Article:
Wedding dress.

Has the traditional wedding made a comeback? Photo: Michel OSullivan

In many ways, I was an outstanding mother of the bride. I smiled and supported and suggested. I accepted all decisions about the guest list. I praised the choices of colour scheme and table layouts. I did none of the expected interfering. But, in truth, that part was easy: I had no opinions. In other ways, of course, I was useless. I could not provide the reassuringly confident judgments needed on flower combinations or style of photography or lettering on the wedding invitations.

I avoided the three-day full-on hen's party, and struggled to summon up the enthusiasm required to sustain a 160-kilometre round trip to view a potential bridesmaid dress in a particular sub-shade of the selected midnight blue.

Having spent the '70s fighting the common assumption that a traditional wedding was every girl's dream, I was stunned to discover that it seemed to have become exactly that. I had failed to take in that the traditional wedding had made such a spectacular comeback and, more shockingly, that it had resurrected itself with (almost) all the gender-role trimmings in place.

How had that happened? In the '70s, I naively thought we were fighting off gender assumptions not only for ourselves but also for women of the future. Why should it be the man's job to propose? We just agreed to get married. Why should I advertise my unavailability when he did not? I had no engagement ring. Most publicly of all, why should I be given away by a man? I remember enjoying our small visual contribution to the feminist cause as my mother and I walked down the aisle together.

And then, more than 30 years later, what did I find in my daughter's 21st-century wedding organiser? That if the bride's mother is a widow, the bride should be given away by "a relative of mature years, an uncle for example". Oh, and that the toastmaster should refer to the bride's mother in the absence of the father as "Mrs John Jones".

I can hardly claim to have been the most rebellious bride of my era, though. I did wear a white dress (bought off the peg); I did have two bridesmaids (in summer frocks); and the bridegroom did wear a suit (wide-lapelled, flared brown pinstripe, clashing beautifully with the best man's mauve). I reassured myself that we embraced those traditional elements to appease our parents. Now we, in the parental role ourselves, are embracing them again, only this time to appease our daughters.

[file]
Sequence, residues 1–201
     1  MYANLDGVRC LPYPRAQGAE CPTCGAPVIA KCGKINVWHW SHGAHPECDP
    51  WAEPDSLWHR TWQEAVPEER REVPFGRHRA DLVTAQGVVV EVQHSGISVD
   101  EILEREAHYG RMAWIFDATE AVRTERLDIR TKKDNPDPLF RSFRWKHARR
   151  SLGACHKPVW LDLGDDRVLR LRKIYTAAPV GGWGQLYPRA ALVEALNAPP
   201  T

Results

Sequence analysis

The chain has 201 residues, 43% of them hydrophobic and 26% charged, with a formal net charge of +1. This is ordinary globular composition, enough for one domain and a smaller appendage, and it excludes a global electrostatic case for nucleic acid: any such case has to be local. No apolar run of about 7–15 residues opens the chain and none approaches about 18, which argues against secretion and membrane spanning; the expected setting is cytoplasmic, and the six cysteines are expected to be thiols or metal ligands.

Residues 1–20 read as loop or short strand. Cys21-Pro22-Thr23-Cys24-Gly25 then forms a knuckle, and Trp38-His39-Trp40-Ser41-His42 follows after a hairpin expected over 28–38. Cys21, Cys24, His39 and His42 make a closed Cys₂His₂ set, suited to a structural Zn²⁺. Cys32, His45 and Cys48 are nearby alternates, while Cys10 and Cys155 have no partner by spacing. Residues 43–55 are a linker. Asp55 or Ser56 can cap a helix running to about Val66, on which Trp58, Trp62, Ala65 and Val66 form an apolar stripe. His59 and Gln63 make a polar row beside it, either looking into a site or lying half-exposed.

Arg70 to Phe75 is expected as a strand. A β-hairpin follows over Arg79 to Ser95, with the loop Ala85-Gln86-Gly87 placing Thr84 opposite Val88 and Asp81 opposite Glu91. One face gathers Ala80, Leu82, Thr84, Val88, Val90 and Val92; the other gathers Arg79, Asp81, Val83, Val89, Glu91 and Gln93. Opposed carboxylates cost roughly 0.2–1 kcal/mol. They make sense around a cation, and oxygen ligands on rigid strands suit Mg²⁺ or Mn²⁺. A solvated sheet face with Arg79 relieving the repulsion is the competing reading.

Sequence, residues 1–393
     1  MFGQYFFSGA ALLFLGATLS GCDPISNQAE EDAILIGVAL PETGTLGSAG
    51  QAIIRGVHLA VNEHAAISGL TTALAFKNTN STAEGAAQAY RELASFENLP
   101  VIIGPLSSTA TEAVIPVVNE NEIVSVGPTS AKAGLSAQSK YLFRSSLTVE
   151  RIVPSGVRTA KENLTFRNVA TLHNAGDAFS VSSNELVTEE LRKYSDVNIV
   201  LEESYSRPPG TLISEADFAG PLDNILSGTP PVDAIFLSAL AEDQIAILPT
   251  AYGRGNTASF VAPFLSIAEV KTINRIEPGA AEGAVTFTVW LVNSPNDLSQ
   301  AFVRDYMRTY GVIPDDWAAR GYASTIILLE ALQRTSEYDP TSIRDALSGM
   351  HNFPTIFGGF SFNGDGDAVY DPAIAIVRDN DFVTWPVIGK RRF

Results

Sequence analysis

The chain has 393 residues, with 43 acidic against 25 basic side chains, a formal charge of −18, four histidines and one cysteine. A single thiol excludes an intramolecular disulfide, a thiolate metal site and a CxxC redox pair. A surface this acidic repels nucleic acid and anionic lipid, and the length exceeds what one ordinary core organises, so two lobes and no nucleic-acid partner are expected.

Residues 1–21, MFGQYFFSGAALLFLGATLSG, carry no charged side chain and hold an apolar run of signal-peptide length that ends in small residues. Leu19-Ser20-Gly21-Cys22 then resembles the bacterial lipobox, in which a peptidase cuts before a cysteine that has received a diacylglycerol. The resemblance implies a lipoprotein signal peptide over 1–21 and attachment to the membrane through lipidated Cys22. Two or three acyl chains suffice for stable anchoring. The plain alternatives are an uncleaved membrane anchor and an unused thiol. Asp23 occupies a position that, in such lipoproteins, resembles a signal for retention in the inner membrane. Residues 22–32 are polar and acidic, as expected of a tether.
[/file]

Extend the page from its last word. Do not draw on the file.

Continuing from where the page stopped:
For ageing feminists like me, our daughters' decision to go for the full froth-and-flowers function can be baffling - even something of a betrayal. My three strong and independent daughters and their friends expect to be proposed to, advertise their status with expensive engagement rings and agree that it is the groom's duty to decide on the honeymoon destination. They also seem prepared to plan the wedding details for months. The wedding industry, of course, has risen magnificently to the occasion and expectations seem to have grown exponentially. In the 1970s, our photographer stayed for an hour, did three other weddings on the same day and delivered the proofs by the end of the reception. Now the photographic event begins with a prenuptial photo shoot, followed by dawn-to-dusk digital recording of the day itself.

Alongside this growth in expectations is a similar growth in cost. The average Australian wedding apparently comes with a $50,000 price tag. Saddled with student debt as they often are, and often saving for a deposit on a house, why does this generation think it appropriate to spend that sort of money on one day? I can't imagine that they will look at their wedding photos any more frequently than we have looked at our - so much less expensive - ones. I am sure it is not the $2000 cost of the dress that makes the bride look beautiful. And do the couples enjoy their day so very much more than we enjoyed ours?

Perhaps it's because that is their peers' expectation, too. They are as much a product of their times as we were of ours. For us, getting married was still a rite of passage. For most of us it still marked the official moment of leaving home, the start of living together, and therefore it brought a huge change in our circumstances. A wedding probably did not mark the start of a sexual relationship, but it did mark the start of the public recognition of the sex.

Perhaps that is the difference. My daughter has not had to creep across the landing. She had been living with her now husband for some time before their wedding. Getting married was not a growing-up moment in quite the same way.

If the event is no longer a rite of passage, maybe the day itself has to take on greater significance: it needs to be bigger because the transitional moment itself is smaller. If it is to have the ceremonial solemnity that matches, and justifies, the investment in time and money, old traditions need to be revitalised, including those that depend on gender roles.

Maybe there is a more positive interpretation - that our children can afford to play gender-specific roles at the wedding because in reality they all assume an equality in marriage that we were still fighting to establish. But I can't help feeling a bit uncomfortable with the knowledge that my daughters and so many of their peers, male and female, have been persuaded by a successful industry that they need to act out ancient inequalities to celebrate a modern union and pay through the nose for the privilege.

*April Fraser is a pseudonym.

Guardian News & Media 2010 with Sunday Life